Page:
The ‘new vanguard’ filmmakers of the 1950s and 60s were fully conscious they belonged to an old story (Maurice Lemaître’s syncinema, 1952) and therefore tried to rekindle the connections with the 1920s avant-garde artists, those who first had theorized multi-screen ‘expanded’ cinema – initially in very imaginative books (László Moholy-Nagy’s polycinema, Dynamik der Großstadt, 1921-22) and then practised in live performances (Oskar Fischinger, Raumlichtkunst, 1926) or spectacular films (Abel Gance’s polyvision: Napoléon, 1927).
Dominique Noguez found the origins of this screen multiplication in cinema in a series of closely linked desires: the desire to extend the screen; the desire to create immersive spaces, integrating cinema with other recorded media; the desire to use cinema performatively, coming into direct contact with the audience; and the desire to explore the film process – the deconstruction of the elements of cinema in which the work becomes the elements themselves.
The experimental film production of the 1960s and 70s expanded not only the notion of screen, but also that of the whereabouts in which screens could be placed and used. Gene Youngblood, in his pioneering book Expanded Cinema (1970), documented this multiplication of screens citing experiments with vans used as mobile cinemas, portable inflatable screens and projections in artists' spaces and galleries, in public and private television stations, on concert stages in combination with live music, in planetariums, in private homes, in university classrooms, in churches and clubs, and in huge multi-screen locations, which used multiple media simultaneously such as projections in different film formats (IMAX, 35mm, 16mm, and 8mm), slide projectors, and TV monitors. Immersive cinema ranged from the concept of ‘expanded cinema’ introduced by the counterculture movement of the 1960s to the multi-projection video art installations of the 1970s, from unframed hemispherical projections to the cinematic collage of assorted projections, originally projected in the dome of a planetarium made by Stan VanDerBeek in his Movie-Drome from 1965 onwards: the aim was always to facilitate a certain ‘mental mutation’ in the audience.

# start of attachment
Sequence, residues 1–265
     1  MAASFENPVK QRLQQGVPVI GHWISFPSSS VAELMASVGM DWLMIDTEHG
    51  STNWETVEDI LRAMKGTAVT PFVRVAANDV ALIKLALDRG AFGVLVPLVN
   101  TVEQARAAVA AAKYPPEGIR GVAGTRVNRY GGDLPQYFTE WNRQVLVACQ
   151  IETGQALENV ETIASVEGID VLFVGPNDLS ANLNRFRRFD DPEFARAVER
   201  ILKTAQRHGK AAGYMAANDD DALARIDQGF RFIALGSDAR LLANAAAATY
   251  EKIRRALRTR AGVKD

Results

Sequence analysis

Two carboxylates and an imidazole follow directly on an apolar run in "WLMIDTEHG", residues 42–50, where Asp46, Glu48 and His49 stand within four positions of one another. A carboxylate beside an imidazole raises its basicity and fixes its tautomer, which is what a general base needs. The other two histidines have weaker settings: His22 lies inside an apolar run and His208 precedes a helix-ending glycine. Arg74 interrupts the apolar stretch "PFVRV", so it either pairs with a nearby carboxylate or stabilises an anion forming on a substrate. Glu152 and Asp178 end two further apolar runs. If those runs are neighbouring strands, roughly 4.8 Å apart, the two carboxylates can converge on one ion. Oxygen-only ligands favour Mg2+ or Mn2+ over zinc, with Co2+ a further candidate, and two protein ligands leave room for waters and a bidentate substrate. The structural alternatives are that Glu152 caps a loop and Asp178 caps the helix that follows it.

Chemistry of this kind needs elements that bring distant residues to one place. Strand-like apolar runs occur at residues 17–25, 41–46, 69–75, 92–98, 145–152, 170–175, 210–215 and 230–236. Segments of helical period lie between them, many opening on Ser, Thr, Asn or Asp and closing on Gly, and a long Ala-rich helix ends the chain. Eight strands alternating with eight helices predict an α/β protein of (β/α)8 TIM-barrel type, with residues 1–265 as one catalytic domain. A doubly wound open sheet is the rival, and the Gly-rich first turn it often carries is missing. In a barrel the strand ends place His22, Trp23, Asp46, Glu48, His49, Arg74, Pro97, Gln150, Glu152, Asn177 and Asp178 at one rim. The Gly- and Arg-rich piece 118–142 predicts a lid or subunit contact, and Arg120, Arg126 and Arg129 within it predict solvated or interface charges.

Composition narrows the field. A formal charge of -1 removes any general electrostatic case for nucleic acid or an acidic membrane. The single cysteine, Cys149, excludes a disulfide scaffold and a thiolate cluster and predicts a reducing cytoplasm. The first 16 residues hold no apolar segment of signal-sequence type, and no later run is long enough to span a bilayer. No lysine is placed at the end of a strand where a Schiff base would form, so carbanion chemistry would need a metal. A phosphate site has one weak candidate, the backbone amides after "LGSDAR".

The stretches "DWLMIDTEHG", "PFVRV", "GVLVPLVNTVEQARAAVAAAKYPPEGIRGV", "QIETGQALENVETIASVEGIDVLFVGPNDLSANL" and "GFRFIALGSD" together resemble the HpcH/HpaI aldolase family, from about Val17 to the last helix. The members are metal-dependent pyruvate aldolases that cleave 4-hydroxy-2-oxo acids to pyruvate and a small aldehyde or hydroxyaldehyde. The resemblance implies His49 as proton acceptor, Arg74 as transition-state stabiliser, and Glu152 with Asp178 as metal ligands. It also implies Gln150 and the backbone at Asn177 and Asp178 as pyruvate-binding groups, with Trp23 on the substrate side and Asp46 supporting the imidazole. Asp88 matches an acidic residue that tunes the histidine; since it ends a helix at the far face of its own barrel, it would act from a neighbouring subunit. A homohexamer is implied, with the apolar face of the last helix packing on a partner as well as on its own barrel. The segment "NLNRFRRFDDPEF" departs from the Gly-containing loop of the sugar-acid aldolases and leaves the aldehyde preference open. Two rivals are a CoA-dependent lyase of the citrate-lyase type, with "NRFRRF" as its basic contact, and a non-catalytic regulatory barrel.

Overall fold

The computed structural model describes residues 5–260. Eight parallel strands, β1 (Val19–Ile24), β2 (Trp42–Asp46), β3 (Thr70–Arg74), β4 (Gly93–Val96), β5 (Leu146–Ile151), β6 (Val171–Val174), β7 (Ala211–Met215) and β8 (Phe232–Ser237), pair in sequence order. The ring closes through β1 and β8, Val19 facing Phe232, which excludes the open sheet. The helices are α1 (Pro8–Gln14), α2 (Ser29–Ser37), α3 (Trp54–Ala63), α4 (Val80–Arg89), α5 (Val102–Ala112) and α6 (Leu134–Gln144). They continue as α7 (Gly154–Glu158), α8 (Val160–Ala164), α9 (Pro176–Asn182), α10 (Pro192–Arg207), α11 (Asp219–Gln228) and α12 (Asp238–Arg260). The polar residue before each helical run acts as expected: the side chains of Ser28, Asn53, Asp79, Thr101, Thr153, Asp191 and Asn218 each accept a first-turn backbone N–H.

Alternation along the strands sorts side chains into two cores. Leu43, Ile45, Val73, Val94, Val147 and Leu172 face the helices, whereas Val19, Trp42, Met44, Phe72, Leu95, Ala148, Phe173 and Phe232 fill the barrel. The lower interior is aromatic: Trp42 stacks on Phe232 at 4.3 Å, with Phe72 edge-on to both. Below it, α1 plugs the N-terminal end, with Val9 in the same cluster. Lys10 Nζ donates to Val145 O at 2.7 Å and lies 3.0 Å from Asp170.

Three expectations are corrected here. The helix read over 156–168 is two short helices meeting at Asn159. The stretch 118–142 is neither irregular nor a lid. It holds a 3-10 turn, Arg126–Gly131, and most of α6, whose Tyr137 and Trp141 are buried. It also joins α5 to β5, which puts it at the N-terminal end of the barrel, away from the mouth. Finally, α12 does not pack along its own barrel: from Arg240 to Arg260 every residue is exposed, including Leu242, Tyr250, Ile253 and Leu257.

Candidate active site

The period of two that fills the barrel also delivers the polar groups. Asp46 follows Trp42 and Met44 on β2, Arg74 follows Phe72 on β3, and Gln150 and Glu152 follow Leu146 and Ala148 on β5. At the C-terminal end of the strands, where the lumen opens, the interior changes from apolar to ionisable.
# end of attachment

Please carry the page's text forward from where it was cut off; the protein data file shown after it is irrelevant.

The select, but significant two- or three-screen film projections that we propose were conceived to be dazzling audiovisual events and aspired to deeply engage the audience. Having two or more images projected makes it possible to analyse, play with, or create all sorts of new synoptic possibilities for the artist and the audience. The relationships between shots and images can be explored not only sequentially, i.e., one after the other in time, but also simultaneously and through the physical space of the film screen. The immersive and hypnotic qualities of light, image, editing, and double projection – and their psychological impact on the individual – are explored with extraordinary effects that multiply the possibilities of expanding consciousness and analysing the film machine. A synesthetic universe in which we want to plunge into again, body and soul!
Federico Rossin

 

ALL SCREENING ARE FREE


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PFF60 14-22 06 2024
ALL PROJECTIONS
ARE FREE